A recent article appeared in the well-established Money Magazine on four ways to invest $100: http://moneymag.com.au/invest-100-4-ways/.
One of the methods suggested is to use Acorns, a micro-investing robo-advisor, whose tagline is “Invest spare change automatically from everyday purchases into a diversified portfolio.” You might say this is a modern day high-tech piggy bank.
At first glance this idea might appeal to parents for their younger kids or to the younger tech-savvy population. Beware, there is a huge catch.
For account balances of less than $5,000, Acorns charges a monthly fee of $1.25. This may sound low but being a micro-investing company Acorns will accept investments of as low as $5. Unless you intend rapidly increasing your investments with Acorns, be careful NOT to invest small amounts with them as the monthly $1.25 fees could eat away your entire account balance.
For example, on a piggy bank account balance of $100, $1.25 per month is 15% per year in fees. Nice for Acorns but not for the micro-investor who over time will definitely not achieve sufficient growth on that $100 to cover the fees, meaning that over time your entire $100 savings and all its growth will be paid to Acorns purely in fees. Meaning that, for small account balances, it is a mathematical certainty that micro-investors will merely be donating their money to Acorns.
Now imagine ten thousand investors each with $100 invested with Acorns, a total of $1,000,000. On the combined pooled money Acorns will receive fees of 15% per year, or $150,000 in fees! This is a piggy bank with a big hole in it that will eventually transfer the entire $1,000,000 and any interim growth to Acorns.
Micro-investors really want to get their account balances above $1,000 otherwise they will be paying fees that are way too high relative to their potential returns. Below $1,000 it would probably be wiser to open an online savings account that charges $0 in fees.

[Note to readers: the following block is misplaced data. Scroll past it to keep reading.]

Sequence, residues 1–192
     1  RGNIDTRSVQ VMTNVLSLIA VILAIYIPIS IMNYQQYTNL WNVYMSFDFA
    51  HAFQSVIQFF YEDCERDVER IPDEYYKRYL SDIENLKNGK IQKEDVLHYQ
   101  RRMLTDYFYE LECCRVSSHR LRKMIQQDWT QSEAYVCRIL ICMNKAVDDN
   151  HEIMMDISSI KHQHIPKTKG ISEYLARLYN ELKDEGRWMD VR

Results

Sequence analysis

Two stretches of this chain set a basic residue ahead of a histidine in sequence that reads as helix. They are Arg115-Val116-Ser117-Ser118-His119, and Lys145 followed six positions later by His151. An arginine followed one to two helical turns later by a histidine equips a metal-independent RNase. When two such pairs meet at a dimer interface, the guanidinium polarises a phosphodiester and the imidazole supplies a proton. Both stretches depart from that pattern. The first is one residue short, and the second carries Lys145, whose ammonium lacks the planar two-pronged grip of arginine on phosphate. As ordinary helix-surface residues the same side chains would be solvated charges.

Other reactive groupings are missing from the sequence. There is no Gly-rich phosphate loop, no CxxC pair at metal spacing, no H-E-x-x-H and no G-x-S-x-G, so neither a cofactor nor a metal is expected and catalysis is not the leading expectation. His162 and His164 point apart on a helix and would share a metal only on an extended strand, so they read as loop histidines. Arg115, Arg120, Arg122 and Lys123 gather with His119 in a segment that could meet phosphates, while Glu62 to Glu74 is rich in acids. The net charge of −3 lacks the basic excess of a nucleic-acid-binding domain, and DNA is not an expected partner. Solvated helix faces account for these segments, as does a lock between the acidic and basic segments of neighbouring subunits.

Acorns fees for account balances of greater than $5,000 are 0.275% per year. This is in addition to the annual ETF management fees – Acorns uses ETFs for all their investing themes. While relatively low compared to industry and retail Super funds, 401(k)s and just about all other mutual/managed funds, these fees are still higher than investing directly into ETFs yourself with larger account balances.
While on the subject of robo-advisers, the highest profile robo-advisor in Australia appears to be Stockspot. They also use ETFs for all their investing themes. Whilst they make a big deal about fees, their fees are still a lot more expensive than investing directly with ETFs or even via an industry Superannuation fund, depending on the amount of capital that is invested.
The Stockspot fees picture is not so rosy compared to doing it yourself directly with ETFs. Although their business model compares well to using a financial advisor or financial planner who charges an annual percent of FuM (Funds under Management), it compares poorly to doing it yourself. Especially for Self-Managed Super Funds with account balances of greater than $50,000 that invest directly with ETFs.
Stockspot recently reduced their fees. Their fees previously favored balances of less than $10,000 now they incentivise investors with less than around $8,000 not to invest with them.
For account balances of less than $10,000 that have been open for greater than six months, annual fees range from 7.92% for $1000 to 0.792% with $9,999, excluding ETF annual management fees. So don’t use Stockspot for micro-investing either.
For account balances of greater than $10,000 and less than $50,000, annual fees are 0.792%, excluding ETF annual management fees.
For account balances of greater than $50,000 and less than $500,000, annual fees range from 0.77% down to 0.671%, excluding ETF annual management fees.
For account balances of greater than $500,000, annual fees range from 0.539% to 0.53%, excluding ETF annual management fees.
Investing through Stockspot or Acorns is basically the same as investing via a balanced mutual/managed fund. Balanced fund managers mostly invest directly into stocks and bonds whereas robo-advisors use ETFs to achieve the similar asset class mixes because ETFs are far easier to manage than direct positions.
My messages in this blog are:
• you can invest directly with ETFs yourself and be tens, potentially hundreds, of thousands of dollars ahead through not paying unnecessary additional fees, and
• beware of micro-investing with robo-advisers.
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